My March 2011 post, Five Tech-free Times for Families, discussed the importance of planning family time-out activities away from digital devices. Time away from screens, I noted, provides family members with opportunities to communicate with one another and enjoy activities that do not require technology (playing outside, eating together, reading, enjoying a game).
Device-free times also help kids and adults become more aware of the people around them, and without screens good conversation is much easier. Many people have kept journals of their device-free activities, and often they note how much easier it is to talk more with people, try new activities, even sit around and relax.
If you missed College Kids Giving Up Their Cellphones: The Incredible Tale of the Maryland Women’s Team, it’s a great resource to read now and share with the young people in your family. Continue reading “Don’t Be Afraid of Device-free Times in Your Family!”
I am reading Sherry Turkle’s book, Alone Together: Why We Expect More from Technology and Less from Ourselves. Turkle is a professor at Massachusetts Institute of Technology. Last Friday she was Ira Flatow’s guest on the NPR’s Science Friday program. Professor Turkle explained how she interviewed more than 300 children and teens who described feeling immense frustration when their parents use technology gadgets at the same time they are supposed to be interacting with their kids.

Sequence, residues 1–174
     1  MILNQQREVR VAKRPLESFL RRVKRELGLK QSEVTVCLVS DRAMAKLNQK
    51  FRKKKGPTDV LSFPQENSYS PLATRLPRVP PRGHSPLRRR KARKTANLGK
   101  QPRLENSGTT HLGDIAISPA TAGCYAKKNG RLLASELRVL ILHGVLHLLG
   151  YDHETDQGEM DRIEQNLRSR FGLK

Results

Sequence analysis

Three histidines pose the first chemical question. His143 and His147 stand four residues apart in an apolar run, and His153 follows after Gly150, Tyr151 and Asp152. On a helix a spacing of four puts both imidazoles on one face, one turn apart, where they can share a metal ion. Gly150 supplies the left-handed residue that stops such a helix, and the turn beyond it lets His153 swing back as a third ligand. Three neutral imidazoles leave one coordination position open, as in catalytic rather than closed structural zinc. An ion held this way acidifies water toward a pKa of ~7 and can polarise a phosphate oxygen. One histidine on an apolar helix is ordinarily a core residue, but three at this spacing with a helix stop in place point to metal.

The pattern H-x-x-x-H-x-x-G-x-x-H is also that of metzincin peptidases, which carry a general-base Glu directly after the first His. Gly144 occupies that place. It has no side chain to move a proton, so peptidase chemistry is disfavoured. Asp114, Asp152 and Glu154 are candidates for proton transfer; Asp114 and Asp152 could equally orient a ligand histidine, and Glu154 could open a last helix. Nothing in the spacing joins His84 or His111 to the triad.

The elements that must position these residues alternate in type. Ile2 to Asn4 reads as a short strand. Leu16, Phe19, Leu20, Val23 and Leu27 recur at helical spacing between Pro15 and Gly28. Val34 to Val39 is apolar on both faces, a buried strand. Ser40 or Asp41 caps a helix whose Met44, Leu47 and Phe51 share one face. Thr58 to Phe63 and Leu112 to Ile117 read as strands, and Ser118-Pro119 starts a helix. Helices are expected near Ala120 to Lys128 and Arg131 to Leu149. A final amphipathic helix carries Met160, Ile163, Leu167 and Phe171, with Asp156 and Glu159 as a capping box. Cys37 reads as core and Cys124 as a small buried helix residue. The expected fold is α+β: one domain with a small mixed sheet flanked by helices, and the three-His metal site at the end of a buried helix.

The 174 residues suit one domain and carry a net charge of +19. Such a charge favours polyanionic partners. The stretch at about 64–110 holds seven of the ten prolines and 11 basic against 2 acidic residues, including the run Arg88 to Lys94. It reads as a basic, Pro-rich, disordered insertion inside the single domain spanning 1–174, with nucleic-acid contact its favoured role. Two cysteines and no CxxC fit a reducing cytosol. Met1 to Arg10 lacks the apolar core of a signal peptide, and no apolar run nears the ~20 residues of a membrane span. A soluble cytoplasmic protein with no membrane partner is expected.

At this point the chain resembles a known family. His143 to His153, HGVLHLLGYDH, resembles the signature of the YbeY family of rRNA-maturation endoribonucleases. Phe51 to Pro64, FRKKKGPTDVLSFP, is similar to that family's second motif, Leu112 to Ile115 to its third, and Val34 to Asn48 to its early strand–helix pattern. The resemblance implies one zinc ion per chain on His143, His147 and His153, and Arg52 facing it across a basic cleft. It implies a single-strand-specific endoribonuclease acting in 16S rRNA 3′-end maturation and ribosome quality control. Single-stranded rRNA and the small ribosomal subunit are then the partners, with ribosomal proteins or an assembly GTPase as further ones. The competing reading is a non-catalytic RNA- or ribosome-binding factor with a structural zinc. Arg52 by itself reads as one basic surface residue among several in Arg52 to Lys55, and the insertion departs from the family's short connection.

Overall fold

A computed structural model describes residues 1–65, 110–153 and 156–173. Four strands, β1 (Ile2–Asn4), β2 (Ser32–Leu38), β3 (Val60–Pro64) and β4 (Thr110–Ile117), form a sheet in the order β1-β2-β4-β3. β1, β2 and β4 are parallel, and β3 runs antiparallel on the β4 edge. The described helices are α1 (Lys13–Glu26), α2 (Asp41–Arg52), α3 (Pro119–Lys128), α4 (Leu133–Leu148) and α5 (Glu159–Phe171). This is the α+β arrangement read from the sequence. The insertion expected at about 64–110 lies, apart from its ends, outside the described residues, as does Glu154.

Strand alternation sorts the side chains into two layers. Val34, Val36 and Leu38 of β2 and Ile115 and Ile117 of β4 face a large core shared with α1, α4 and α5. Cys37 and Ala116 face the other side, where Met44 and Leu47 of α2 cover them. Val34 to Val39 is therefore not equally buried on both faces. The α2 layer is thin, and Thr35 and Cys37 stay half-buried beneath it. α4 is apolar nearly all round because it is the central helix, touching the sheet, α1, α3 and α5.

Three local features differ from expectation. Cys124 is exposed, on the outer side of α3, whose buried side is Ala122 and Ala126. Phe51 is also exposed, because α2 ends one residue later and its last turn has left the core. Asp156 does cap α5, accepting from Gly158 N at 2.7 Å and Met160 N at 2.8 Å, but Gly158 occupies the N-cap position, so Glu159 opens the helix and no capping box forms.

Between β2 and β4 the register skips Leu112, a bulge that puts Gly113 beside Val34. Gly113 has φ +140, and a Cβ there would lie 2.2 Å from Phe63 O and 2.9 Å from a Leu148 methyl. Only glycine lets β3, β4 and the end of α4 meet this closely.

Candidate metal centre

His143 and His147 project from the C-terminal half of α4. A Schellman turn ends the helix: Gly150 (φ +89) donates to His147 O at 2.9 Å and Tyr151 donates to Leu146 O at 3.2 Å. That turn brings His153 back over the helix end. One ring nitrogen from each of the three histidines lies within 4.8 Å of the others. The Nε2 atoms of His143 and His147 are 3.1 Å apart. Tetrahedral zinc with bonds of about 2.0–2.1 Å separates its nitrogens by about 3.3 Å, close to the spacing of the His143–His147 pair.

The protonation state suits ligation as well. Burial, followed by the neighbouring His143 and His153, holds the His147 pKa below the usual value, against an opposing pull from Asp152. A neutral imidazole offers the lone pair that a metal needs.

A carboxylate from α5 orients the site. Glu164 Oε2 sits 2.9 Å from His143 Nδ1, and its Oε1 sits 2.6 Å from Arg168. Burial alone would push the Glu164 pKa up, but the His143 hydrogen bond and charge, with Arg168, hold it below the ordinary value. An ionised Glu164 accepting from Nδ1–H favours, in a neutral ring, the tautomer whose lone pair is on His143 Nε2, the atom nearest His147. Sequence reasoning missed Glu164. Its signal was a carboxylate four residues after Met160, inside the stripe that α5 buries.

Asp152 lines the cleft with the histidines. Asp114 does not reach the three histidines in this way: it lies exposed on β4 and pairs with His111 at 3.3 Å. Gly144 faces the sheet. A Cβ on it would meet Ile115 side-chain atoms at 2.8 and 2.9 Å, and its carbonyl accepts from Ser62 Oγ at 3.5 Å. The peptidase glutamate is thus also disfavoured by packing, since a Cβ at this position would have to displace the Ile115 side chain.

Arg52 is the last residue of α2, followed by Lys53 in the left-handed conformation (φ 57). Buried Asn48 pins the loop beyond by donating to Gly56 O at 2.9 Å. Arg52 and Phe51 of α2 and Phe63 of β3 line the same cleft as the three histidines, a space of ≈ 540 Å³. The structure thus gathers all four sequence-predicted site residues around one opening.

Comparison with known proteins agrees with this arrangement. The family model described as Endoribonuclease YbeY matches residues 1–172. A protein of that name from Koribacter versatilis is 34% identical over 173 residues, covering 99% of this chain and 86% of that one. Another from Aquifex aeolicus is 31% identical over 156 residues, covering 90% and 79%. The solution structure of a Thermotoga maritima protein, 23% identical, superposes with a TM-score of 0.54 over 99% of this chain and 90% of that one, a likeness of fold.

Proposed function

The Alone Together author, quoted in a January 31, 2011 Washington Post article, AnyBody: Parents are Ignoring their Children for their BlackBerry, points out, “It’s now children who are complaining about their parents’ habits…” During the Science Friday interview Turkle identified five times when children want their parents to put away their phones, Blackberries, and other gadgets and to pay attention. They include: Continue reading “5 Tech-Free Times for Families”